I only had three loads on hand, but they proved to be all I needed to see just how accurate the new Browning X-Bolt was. With Federal’s 130-grain TSX load, it shot well under an inch at 100 yards for three shots, and five-shot groups averaged right at 1.24 inches. Average velocity was 3,193 fps. Federal’s new 130-grain Tipped Trophy Bonded load shot almost as well, with an average of 1.38 inches for five, five-shot groups and an average velocity of 3,187 fps. Winchester’s 150-grain Supreme Elite XP3 load clocked 3,039 fps and averaged 1.86 inches.

It took the better part of a day and 79 rounds to wring out the lightweight .270 WSM. I was quite impressed with the rifle overall, but several features stood out. The new Feather Trigger made the biggest impression. It was light and crisp for sure, but it was also the cleanest rifle trigger I’ve ever tried. The mechanical advantage imparted by that third lever makes it feel as if there is absolutely no creep. In fact, the trigger is so crisp and clean, I didn’t feel like I was shooting my best until after I’d fired about 30 rounds through the rifle.


The X-Bolt’s polymer rotary magazine is easy to load and feeds reliably.

I was also quite taken with the new stock design, which feels light and lively in the hands. On the bench, the straight-line design recoiled straight back rather than flipping up and into my face. The soft rubber recoil pad did an excellent job of reducing felt recoil.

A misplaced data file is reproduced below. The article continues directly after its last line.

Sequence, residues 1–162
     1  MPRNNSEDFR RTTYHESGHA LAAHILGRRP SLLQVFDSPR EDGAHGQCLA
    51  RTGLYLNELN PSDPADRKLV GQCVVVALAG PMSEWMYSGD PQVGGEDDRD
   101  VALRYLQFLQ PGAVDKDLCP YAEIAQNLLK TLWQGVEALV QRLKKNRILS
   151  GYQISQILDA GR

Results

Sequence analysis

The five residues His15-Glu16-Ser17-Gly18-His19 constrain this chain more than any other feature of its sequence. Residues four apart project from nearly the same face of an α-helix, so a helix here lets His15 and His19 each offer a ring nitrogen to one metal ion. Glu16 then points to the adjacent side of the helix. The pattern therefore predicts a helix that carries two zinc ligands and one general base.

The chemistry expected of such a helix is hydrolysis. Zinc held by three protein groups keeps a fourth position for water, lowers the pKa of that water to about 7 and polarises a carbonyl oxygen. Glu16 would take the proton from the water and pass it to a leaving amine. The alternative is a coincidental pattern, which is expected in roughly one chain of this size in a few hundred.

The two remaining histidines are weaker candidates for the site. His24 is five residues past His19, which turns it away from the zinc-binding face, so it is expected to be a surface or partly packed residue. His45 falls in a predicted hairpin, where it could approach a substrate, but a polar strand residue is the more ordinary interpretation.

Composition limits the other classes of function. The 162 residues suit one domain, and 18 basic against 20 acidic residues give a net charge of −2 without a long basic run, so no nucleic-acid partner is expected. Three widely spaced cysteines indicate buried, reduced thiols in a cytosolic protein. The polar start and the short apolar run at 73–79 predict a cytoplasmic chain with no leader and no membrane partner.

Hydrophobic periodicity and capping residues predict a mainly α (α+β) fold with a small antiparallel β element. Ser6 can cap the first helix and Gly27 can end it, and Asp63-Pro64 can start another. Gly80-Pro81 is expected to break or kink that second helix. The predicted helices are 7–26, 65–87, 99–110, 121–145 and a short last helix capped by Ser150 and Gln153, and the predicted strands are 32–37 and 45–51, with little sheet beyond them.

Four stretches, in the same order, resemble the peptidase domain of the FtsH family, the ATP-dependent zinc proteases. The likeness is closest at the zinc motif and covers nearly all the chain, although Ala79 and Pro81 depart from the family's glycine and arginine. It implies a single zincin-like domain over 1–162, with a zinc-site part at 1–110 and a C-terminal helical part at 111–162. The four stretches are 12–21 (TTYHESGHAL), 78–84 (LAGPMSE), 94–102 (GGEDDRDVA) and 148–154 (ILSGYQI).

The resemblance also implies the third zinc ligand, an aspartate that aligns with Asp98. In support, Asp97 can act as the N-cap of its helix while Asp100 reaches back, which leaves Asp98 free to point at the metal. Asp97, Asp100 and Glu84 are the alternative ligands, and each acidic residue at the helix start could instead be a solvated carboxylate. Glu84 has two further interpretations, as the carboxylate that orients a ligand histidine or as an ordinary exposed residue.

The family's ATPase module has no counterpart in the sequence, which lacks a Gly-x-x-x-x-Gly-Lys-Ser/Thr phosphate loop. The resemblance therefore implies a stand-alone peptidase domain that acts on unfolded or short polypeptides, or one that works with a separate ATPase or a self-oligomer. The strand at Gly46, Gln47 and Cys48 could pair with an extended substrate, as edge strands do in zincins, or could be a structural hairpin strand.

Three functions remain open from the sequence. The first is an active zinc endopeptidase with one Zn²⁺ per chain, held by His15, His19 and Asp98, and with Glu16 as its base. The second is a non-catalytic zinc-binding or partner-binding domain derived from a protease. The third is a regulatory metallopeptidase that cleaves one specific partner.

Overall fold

Operating the bolt was as smooth and easy as with my A-Bolt. The 60-degree bolt lift made it easy to chamber a round with minimal movement and without pinching my hand between the bolt and the scope. The rotary magazine fed cartridges smoothly and easily, and the rifle shucked empties like a champ.

My friend, James Jeffrey, owns several A-Bolts, so I asked him to fire a few groups at the conclusion of my shooting session to see how he felt about the rifle. He shot it well, and he fell in love with the new rifle in the process. He raved about the new trigger and said recoil wasn’t bad at all considering the rifle’s light weight and .270 WSM chambering. He opined that he liked the mix of old and new–he loves the A-Bolt’s tang safety and 60-degree bolt lift but thought the X-Bolt’s new magazine, stock, and trigger design were huge improvements.

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Browning X-Bolt Accuracy

Factory Load Velocity (fps) 100-Yard Accuracy (in.)
.270 WSM
Federal 130-gr. Tipped Trophy Bonded 3187 1.38
Federal 130-gr.TSX 3193 1.24
Winchester 150-gr. XP3 3039 1.86
Notes: Accuracy is the average of five, five-shot groups fired at 100 yards from a Caldwell rifle rest an rear bag. Velocity is the average of 20 rounds measured 15 feet from the gun’s muzzle with a Shooting Chrony chronograph.

I was scheduled to hunt free-range aoudad in West Texas with my good friend, Hunter Ross of Desert Safaris, but I couldn’t remember if I’d moved the scope at the end of my firing session, so I sent the gun to the range with another friend, Denys Beauchemin, to verify my zero. Beauchemin is a gun writer and an experienced F-Class and benchrest shooter, so I was anxious to get his take on the new X-Bolt, too.

He brought the rifle back with some good targets and a perfect zero–1.5 inches high at 100 yards. Of course, being a benchrest shooter, he is a sissy when it comes to recoil, so he thought the X-Bolt kicked a bit much for him. Compared to the heavy .223 and .308 he shoots in F-Class competition, I am sure it does, but I would definitely take his opinion on recoil with a grain of salt. But he does know triggers and accuracy, and he thought the X-Bolt’s new trigger was great. He also thought it was pretty darn accurate for a sporter-weight rifle, an opinion supported by several three-shot groups in the 0.6- to 0.7-inch range.